Here are a few reasons why Padre righthander Andy Hawkins is 9-0 and, after nine starts, the pitching surprise of the season:
?Delivery. "I was throwing too far across my body," says Hawkins, 25. "About three, four weeks before the  playoffs Doug Gwosdz, our backup catcher, who came up through the minors with me, figured out what I was doing wrong. A little thing, but it made a lot of difference in my control." In 62 innings this season, Hawkins has walked only nine batters.
?Confidence. The Padre starters flunked out in the playoffs and World Series, and, consequently, Hawkins, 8-9 with a 4.68 ERA last year, got to work 15? innings out of the bullpen, allowing just one run. "If I could do that under the most intense pressure, I figured, 'Why not do it in the regular season?' "
? Galen Cisco. The new pitching coach taught Hawkins a cut fastball this spring and reinforced the confidence of last October. "I've never been around a pitching coach like that," says Hawkins.
?Dame Fortune. The Padres have scored 6.8 runs per nine innings for Hawkins, who has a 2.61 ERA. "In two games I came out with the score tied and we went ahead in the next half inning. It's been fascinating. So many things have gone right."
When we last left the Indians, they were moving Julio Franco, a talented but erratic shortstop, to second base against his wishes in order to accommodate Johnnie LeMaster, the eminently mediocre shortstop they had acquired from the Giants. To the bench went Tony Bernazard, a decent hitter but often indecent fielder, who was leading the team in homers and had committed but one error.
The experiment lasted eight games. Franco, still erratic, is back at short after going 6 for 33 as a second baseman, and LeMaster, after three hits in 20 at bats, is on the bench and hoping he will be traded. "It was a collectively inspired mistake and a collectively inspired remedy," said team president Peter Bavasi, who is said to have learned about the trade after the fact. Said LeMaster: "This is similar to the situation they had in San Francisco, where nobody seemed to know what was going on."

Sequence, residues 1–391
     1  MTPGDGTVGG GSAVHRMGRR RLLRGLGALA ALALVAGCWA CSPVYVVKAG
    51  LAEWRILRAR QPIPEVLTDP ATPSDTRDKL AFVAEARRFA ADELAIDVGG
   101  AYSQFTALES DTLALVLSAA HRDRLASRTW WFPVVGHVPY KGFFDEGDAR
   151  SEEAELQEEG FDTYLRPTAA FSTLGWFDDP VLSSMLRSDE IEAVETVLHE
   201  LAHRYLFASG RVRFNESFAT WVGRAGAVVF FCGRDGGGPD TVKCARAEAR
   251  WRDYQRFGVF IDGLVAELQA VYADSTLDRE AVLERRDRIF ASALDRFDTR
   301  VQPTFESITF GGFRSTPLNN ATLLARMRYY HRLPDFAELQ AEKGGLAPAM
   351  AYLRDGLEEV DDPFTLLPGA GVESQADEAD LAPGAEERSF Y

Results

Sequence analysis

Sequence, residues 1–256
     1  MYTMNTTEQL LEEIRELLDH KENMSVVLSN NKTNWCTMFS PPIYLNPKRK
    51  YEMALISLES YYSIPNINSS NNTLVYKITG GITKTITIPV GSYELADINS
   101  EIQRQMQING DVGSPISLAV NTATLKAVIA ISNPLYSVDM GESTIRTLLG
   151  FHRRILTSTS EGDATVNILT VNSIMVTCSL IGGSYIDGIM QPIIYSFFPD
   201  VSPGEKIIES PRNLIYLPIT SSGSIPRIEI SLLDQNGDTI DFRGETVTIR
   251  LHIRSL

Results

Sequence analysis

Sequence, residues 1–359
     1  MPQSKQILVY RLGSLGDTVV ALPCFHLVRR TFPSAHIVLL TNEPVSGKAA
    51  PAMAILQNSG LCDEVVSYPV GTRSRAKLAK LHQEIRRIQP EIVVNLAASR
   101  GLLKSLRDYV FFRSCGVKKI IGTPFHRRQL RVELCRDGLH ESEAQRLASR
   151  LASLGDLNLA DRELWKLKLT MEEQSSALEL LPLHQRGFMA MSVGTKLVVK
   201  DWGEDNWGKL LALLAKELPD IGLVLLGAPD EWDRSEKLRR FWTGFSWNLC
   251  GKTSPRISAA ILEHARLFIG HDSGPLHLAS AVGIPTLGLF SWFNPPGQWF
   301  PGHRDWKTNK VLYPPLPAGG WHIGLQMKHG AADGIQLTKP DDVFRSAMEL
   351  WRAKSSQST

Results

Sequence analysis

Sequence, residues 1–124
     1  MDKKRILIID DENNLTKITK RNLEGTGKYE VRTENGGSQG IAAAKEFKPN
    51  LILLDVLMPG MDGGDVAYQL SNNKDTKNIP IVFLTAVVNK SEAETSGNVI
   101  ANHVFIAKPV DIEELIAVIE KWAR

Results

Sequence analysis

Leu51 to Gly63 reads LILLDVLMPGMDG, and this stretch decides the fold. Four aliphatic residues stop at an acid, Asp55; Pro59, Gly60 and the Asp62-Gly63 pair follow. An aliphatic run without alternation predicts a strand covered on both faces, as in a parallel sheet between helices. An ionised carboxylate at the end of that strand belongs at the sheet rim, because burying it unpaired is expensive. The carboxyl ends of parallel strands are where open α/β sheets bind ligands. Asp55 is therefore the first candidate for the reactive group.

Earlier this year, Cardinal ace Joaquin Andujar looked at his team's lineup of rabbits and proclaimed: "We have Jack Clark and seven leadoff hitters." Well, maybe not.
Second baseman Tommy Herr batted leadoff or second most of '84 and drove in a career-high 49 runs. This year, as a third-place hitter, he might drive in twice as many. Herr is hitting a league-leading .374 and has 35 RBIs already. Herr, busting out after two years of injuries, bats behind two sprinters—outfielders Vince Coleman and Willie McGee—and ahead of Clark.
"I don't think I'm a third-place hitter, but in our lineup maybe I am," he says. "I still have a leadoff hitter's mentality. The other day, there were two outs and the count was 3-1 and I took a strike down the middle. I said to myself, 'Hey, I'm the guy who's supposed to drive in the runs.' " How many? "If I could drive in 75 runs, boy, I'd be ecstatic." Actually, his projection is even higher than that—128 RBIs.